Celebrated novelist and Presbyterian minister Buechner says that, at 80, he is unable to write whole books. “Maybe after more than thirty of them, the well has at last run dry.” Or maybe he no longer has the energy. So what we have here are essays, a story, reminiscences, family-themed poems, and a scene from a novel. Much of this is elegiac: remembrances of family members now gone and famous people, such as the first president Buechner met, FDR, in 1932, when the pol was about 50, the author about 6. As always with Buechner, the magic is in the details as he remembers the sights, sounds, and scents of particular times and places. His comments are invariably insightful, compassionate, and poignant, such as his recalling that, even at 6, he realized that Roosevelt would “crumble to the ground” on his “flimsy” legs unless aided by the two men at his side. Other memorable memories include the first funeral he conducted; corresponding with editor and novelist William Maxwell, whom he greatly admired; and first meeting Maya Angelou. --June Sawyers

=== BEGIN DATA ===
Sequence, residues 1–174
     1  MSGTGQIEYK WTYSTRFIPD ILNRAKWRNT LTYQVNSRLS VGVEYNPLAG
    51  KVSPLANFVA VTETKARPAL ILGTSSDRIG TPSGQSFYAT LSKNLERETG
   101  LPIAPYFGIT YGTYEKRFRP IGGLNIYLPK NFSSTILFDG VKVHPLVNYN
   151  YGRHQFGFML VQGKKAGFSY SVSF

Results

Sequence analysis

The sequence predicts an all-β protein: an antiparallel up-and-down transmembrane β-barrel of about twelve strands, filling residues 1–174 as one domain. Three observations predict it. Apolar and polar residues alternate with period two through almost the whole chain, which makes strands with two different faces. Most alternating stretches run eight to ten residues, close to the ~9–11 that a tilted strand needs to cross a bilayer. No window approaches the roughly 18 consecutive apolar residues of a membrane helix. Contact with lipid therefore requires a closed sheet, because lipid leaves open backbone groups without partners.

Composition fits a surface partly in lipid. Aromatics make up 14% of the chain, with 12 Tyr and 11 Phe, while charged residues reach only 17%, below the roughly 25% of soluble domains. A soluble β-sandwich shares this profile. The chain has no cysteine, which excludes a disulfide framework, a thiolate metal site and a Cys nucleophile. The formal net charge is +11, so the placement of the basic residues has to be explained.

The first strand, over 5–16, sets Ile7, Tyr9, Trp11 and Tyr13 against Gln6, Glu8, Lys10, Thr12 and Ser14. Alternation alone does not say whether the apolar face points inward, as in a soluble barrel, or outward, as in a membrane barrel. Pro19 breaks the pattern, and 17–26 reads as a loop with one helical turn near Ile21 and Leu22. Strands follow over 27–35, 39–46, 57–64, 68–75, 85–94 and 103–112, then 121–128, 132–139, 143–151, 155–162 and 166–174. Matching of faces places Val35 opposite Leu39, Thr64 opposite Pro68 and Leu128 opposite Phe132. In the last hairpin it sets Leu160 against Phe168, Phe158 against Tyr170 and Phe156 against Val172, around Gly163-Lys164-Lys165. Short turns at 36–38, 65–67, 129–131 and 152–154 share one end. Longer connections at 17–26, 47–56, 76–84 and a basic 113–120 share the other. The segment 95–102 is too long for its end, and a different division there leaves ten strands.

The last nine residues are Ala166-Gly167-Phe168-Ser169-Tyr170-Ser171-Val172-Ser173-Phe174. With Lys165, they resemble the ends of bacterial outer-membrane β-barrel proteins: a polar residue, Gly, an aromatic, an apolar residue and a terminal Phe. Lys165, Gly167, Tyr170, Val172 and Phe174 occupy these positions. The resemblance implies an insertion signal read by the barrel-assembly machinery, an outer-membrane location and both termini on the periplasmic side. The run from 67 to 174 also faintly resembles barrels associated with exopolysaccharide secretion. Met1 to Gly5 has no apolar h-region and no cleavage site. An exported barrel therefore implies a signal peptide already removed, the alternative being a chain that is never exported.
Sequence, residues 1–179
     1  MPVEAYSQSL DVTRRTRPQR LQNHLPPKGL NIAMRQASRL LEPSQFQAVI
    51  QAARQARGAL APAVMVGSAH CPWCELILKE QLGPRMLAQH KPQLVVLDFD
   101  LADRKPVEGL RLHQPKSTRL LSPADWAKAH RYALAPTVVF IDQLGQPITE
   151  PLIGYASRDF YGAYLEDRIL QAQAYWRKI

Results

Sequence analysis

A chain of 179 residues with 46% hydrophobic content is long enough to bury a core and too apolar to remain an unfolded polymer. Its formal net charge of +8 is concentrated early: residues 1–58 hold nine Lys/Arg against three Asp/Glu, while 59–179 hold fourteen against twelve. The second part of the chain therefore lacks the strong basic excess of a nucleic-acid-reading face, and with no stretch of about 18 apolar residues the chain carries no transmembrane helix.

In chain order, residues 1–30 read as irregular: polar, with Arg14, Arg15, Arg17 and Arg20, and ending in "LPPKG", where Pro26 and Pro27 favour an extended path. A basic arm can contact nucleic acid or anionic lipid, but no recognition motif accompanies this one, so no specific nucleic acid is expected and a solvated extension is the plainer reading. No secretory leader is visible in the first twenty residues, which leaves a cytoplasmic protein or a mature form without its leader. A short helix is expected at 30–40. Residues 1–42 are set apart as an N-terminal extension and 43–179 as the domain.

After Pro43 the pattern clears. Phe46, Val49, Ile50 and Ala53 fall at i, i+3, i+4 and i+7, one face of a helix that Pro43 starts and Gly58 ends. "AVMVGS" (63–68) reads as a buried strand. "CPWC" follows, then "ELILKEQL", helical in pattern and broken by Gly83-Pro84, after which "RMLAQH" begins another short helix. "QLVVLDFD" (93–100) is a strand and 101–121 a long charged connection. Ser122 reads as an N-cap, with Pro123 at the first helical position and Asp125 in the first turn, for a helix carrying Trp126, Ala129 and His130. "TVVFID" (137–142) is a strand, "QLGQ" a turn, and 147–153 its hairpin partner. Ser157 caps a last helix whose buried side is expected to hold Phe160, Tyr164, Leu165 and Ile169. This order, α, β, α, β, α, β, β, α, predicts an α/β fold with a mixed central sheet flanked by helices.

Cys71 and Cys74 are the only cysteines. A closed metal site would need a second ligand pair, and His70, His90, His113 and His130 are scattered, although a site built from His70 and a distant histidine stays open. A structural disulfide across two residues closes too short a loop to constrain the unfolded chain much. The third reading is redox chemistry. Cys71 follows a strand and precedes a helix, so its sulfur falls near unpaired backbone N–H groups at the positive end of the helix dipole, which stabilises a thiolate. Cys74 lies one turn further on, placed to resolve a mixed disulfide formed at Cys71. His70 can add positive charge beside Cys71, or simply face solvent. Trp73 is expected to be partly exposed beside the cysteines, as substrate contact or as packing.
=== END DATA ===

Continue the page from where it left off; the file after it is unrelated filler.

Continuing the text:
About the Author
is the author of more than thirty works of fiction and non-fiction. He is an ordained Presbyterian minister. He has been a finalist for the Pulitzer Prize and the National Book Award and was honored by the American Academy of Arts and Letters.